Wednesday, September 23, 2015
An attorney who blogged about probate court was suspended for three years and until further court order by the Illinois Supreme Court.
From the Review Board report
This case involves Respondent's statements on a blog impugning the integrity of certain judges, guardians ad litem ("GALs") and the lawyers involved in a case in the Probate Court of Cook County. The Hearing Board concluded that Respondent violated Rules 8.2(a) which provides that "a lawyer shall not make a statement that the lawyer knows to be false or with reckless disregard as to its truth or falsity concerning the qualifications or integrity of a judge, adjudicatory officer or public legal officer"; 8.4(c) which prohibits lawyers from engaging in "conduct involving dishonesty, fraud, deceit or misrepresentation"; and 8.4(d) which prohibits "conduct that is prejudicial to the administration of justice."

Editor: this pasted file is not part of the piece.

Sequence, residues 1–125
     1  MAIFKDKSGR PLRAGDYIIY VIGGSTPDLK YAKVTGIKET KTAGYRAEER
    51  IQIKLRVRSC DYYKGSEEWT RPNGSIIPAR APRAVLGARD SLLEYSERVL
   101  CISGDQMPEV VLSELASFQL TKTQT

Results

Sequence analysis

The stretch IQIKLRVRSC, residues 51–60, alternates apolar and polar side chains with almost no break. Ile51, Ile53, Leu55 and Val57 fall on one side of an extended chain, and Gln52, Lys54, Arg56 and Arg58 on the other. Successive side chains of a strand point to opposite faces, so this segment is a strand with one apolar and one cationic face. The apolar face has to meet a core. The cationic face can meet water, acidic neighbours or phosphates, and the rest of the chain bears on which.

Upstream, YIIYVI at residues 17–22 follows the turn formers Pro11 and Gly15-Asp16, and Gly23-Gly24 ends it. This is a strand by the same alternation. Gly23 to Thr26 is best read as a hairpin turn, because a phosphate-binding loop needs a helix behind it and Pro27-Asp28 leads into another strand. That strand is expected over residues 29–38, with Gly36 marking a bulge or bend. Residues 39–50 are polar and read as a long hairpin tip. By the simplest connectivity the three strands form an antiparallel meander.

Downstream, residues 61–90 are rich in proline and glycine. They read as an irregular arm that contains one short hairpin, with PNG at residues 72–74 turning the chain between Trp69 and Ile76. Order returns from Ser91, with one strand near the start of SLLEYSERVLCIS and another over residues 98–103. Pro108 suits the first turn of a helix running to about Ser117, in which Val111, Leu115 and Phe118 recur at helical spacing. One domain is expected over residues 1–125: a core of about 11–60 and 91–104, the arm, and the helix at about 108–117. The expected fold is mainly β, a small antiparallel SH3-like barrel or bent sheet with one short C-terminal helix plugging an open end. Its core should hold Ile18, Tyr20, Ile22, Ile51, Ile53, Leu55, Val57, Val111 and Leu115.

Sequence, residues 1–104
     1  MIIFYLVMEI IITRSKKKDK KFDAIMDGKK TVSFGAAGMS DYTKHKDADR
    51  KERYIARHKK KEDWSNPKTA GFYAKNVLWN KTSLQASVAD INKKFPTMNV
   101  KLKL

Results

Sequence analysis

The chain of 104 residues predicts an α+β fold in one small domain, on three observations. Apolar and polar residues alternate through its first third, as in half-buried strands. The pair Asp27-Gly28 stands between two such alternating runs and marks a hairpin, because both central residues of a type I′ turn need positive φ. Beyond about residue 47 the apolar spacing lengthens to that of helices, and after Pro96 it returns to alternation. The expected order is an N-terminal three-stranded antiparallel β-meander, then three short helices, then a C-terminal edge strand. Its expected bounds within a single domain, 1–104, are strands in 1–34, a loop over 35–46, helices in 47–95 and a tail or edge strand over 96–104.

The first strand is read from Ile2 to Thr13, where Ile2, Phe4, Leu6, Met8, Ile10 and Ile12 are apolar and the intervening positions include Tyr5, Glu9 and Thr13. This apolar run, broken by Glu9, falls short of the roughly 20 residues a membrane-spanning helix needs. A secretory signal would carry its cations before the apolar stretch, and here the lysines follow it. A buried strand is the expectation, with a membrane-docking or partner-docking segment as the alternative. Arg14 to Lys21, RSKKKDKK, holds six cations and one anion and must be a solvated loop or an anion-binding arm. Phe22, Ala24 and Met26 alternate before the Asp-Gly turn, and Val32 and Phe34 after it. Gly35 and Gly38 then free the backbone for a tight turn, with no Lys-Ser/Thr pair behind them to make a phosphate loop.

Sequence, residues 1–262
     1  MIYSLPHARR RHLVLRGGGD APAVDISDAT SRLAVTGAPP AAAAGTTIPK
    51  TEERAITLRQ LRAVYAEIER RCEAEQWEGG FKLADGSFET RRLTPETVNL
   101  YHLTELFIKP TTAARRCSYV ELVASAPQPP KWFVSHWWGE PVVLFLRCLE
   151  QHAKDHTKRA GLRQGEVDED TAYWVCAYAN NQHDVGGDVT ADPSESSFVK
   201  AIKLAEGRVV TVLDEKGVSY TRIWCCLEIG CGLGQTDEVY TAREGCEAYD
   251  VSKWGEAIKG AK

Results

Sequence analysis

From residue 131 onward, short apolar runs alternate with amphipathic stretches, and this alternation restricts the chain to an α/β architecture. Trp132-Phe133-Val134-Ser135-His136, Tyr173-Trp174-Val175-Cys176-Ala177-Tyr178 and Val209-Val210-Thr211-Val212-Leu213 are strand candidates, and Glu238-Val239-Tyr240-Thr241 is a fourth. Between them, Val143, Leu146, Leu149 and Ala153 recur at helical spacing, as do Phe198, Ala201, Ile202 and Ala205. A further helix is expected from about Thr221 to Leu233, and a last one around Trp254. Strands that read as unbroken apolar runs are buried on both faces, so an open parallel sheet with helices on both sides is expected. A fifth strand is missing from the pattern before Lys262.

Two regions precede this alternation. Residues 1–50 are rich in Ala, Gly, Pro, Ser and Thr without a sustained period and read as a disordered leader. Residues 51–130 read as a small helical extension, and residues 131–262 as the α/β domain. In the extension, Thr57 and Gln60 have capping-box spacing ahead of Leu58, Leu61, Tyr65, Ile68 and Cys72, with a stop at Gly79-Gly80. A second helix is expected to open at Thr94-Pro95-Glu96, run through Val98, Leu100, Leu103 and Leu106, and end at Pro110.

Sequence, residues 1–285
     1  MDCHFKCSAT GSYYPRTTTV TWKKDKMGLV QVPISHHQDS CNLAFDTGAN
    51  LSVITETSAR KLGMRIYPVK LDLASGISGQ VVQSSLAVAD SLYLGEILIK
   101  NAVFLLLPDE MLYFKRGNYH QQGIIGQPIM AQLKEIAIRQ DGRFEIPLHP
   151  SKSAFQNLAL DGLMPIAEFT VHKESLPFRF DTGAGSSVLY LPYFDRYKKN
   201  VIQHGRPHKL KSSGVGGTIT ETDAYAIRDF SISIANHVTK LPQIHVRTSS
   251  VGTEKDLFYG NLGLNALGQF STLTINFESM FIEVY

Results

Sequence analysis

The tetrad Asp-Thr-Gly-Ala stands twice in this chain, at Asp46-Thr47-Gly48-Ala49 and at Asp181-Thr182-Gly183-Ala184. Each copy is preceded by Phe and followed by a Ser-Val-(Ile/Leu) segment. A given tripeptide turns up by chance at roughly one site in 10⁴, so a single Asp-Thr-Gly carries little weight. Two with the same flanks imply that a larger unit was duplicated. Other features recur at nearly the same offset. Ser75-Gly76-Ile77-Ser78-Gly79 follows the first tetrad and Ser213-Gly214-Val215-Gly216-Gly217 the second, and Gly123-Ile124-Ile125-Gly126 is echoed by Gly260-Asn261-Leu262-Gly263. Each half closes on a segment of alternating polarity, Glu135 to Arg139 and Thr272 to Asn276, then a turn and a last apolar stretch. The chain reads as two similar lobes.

The Administrator's Complaint alleged that Respondent made statements in violation of the above rules when she blogged about an adult guardianship of Mary G. Sykes ("Mary") pending in the Probate Division of the Circuit Court of Cook County ("the Sykes case"). In December 2009, the probate court had disqualified Respondent from representing Gloria Sykes ("Gloria"), one of Mary's daughters, in the case. Thereafter, Respondent published blogs related to the Sykes case. The Administrator's Complaint set forth ten excerpts taken from Respondent's blogs and alleged that the statements in the excerpts were made in violation of the Rules. See, Administrator's Complaint, paragraph 9. The Hearing Board based its findings on these ten statements. See, Hearing Bd. Report, pp. 7-16, 24-31.
Respondent does not dispute that she made the ten statements in question. She contends that the Hearing Board's findings are against the manifest weight of the evidence because the statements are true. She also contends that her statements on the blog are protected by the First Amendment of the United States Constitution (First Amendment). We have read Respondent's brief and have the benefit of the parties' oral argument before this Board...we affirm the Hearing Board's findings of misconduct and conclude that her false statements are not protected by the First Amendment.
I posted my view that this suspension is far too severe when the Review Board filed its report. (Mike Frisch)